Two weeks ago, the iconic interior designer Carleton Varney died at the age of eighty-five in Palm Beach, Florida, ending a storied career that spanned the globe and included penning more than thirty-five books on decorating and design and creating multiple furniture, fabric, and accessory collections bearing his name and colorful touch.
A Massachusetts native, Varney began his career as a schoolteacher in New York, eventually joining the legendary decorator Dorothy Draper’s staff in 1960. He purchased the business four years later, and his love for teaching continued inside the firm, where he most recently mentored current Dorothy Draper vice president Brinsley Matthews. “When Carleton was a teacher, the story goes that he gave everyone an ‘A,’” Matthews says with a laugh. “He really did encourage every single person he worked with, me included.”
In the South, Varney is perhaps most noted for his six decades of contributions to the Greenbrier in White Sulphur Springs, West Virginia. There, he continued the exuberant work originally installed by Draper, transforming the resort into a sort of mecca for those beguiled by the over-the-top Draper ethos. “Carleton was a true artist,” Matthews says. “From a young age, he wanted to be a stage set designer, and in life”—and certainly at the Greenbrier—“he dreamt of the perfect scenes to make his visions a reality.”
And while Varney’s glittery residential client list included Jackie Kennedy, Judy Garland, and Joan Crawford, he formed one of his deepest personal and professional relationships with former president Jimmy Carter and his wife, Rosalynn. “Absolutely every room Carleton decorated for anyone was delightful in a meaningful and magical way, from an attic bedroom to a ballroom,” Matthews remembers. “With the Carters, Carleton loved the down-home feel and look of their two homes in Georgia. He always said that President Carter ‘could make furniture better than the Shakers.’”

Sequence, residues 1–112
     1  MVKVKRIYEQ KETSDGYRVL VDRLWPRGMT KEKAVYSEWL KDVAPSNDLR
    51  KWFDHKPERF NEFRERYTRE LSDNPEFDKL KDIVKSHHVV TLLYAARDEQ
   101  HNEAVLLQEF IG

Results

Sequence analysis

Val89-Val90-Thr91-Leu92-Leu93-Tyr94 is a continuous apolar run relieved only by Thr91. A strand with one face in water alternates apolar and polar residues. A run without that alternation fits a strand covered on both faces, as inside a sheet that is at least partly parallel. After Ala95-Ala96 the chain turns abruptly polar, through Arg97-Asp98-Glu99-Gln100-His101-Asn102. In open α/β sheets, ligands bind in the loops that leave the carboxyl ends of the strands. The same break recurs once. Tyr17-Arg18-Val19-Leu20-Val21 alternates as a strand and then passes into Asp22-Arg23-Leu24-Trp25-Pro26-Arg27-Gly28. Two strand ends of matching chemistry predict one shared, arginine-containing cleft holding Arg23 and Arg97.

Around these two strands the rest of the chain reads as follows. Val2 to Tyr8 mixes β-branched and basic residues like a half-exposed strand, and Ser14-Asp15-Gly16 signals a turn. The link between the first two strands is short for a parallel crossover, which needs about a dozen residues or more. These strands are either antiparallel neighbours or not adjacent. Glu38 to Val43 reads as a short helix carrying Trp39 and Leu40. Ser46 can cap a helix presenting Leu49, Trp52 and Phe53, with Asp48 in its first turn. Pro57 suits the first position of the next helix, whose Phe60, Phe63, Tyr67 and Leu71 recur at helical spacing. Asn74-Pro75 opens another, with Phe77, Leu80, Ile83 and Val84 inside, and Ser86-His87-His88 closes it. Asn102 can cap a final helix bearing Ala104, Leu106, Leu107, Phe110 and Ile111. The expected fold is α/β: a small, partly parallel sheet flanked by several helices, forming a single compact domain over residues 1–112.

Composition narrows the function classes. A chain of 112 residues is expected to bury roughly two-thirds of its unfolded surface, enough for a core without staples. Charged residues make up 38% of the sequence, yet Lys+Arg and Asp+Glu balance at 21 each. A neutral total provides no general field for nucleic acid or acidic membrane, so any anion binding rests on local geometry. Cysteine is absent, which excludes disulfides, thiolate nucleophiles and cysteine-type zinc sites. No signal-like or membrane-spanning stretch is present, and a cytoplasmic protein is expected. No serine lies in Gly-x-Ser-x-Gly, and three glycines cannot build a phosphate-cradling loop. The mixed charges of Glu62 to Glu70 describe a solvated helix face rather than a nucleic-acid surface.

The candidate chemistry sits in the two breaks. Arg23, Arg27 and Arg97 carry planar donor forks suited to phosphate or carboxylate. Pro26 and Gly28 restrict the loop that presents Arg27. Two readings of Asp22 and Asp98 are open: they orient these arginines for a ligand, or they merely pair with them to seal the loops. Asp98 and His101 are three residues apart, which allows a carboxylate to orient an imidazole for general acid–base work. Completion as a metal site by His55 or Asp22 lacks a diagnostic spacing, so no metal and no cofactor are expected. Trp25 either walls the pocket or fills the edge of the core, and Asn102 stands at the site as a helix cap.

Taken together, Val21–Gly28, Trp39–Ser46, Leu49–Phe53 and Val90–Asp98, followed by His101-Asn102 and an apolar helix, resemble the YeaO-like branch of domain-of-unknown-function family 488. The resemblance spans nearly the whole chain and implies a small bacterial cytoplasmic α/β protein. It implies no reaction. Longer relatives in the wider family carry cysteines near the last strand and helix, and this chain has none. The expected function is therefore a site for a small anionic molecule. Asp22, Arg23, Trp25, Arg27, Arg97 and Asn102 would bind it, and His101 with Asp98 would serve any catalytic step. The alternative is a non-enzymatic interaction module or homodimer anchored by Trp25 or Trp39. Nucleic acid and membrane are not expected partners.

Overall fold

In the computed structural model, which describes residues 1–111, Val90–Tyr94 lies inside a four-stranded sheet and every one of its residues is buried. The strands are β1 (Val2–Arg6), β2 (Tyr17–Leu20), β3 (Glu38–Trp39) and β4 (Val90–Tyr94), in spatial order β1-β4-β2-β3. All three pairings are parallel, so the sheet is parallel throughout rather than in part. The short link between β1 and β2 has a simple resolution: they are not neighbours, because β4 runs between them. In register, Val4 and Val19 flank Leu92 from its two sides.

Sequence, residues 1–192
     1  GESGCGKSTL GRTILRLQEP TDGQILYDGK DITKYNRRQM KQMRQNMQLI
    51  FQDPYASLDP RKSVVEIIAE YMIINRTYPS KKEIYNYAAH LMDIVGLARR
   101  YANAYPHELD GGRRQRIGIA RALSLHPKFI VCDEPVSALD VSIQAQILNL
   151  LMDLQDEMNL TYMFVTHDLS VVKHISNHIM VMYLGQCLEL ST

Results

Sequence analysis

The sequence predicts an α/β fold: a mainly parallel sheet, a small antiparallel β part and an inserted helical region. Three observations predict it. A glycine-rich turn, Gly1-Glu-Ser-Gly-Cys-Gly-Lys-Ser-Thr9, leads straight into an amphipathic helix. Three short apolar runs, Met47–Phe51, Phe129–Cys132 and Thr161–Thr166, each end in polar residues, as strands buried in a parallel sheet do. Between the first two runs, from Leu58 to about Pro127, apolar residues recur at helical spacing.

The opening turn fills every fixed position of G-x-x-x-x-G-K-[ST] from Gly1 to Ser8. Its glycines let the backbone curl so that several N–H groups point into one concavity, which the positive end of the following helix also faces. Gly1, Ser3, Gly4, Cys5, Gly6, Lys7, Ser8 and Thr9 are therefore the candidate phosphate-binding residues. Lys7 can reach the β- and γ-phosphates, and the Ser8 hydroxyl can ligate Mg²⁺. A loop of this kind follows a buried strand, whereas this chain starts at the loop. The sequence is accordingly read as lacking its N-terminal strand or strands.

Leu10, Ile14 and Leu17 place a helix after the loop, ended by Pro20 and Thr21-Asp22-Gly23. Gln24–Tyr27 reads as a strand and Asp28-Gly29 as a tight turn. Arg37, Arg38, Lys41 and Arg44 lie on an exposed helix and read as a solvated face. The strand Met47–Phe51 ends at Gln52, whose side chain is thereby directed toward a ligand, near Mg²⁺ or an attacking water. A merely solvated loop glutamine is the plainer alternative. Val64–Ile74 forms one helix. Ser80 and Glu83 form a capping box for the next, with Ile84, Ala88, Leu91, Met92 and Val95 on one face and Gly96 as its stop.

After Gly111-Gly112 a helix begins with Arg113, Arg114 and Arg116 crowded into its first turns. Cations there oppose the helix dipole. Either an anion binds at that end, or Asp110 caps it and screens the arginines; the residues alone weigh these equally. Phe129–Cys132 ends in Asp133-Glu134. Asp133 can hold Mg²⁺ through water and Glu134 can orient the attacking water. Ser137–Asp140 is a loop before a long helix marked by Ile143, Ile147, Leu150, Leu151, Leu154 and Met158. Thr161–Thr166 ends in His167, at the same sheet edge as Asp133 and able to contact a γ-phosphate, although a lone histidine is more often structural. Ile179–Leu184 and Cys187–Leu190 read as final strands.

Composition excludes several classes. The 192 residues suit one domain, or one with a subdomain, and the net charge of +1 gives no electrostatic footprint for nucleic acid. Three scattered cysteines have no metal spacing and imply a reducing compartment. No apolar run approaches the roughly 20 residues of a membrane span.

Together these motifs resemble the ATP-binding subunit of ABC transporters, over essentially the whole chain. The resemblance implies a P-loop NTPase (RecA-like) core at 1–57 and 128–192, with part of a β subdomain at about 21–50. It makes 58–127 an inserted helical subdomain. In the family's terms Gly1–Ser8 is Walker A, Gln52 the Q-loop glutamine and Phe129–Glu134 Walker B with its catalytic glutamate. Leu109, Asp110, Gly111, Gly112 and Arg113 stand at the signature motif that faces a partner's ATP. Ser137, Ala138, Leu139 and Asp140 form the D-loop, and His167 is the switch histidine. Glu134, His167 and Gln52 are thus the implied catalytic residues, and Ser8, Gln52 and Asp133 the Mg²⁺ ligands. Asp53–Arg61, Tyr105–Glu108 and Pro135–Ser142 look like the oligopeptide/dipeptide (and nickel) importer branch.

The South and Varney’s Southern clients also allowed him more runway when it came to new ideas. “While Carleton was born in New England and celebrated many traditions there, it was quite stoic for him,” Matthews says. “The charms and gentleness of Southerners, coupled with the architecture and literature, allowed Carleton much more fantasy and creativity.”
Just before his death, Varney completed the manuscript for his last book. His influence will no doubt live on in its pages and beyond. “Nothing Carleton did was average,” Matthews says. “Everything had a story. His inventiveness in color and pattern entertained on every scale. As the years roll on and the ‘empty refrigerator look’ takes an even stronger hold, Carleton’s legacy will be referenced more and more.”